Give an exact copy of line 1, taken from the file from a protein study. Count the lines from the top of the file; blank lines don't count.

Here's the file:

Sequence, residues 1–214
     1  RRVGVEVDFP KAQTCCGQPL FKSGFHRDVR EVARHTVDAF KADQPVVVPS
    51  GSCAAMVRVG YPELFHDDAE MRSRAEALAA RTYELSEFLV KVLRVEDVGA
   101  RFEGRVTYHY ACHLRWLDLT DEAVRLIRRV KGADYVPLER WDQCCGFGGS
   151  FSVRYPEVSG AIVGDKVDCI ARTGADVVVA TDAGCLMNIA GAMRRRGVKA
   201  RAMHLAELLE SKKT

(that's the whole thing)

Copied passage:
Sequence, residues 1–214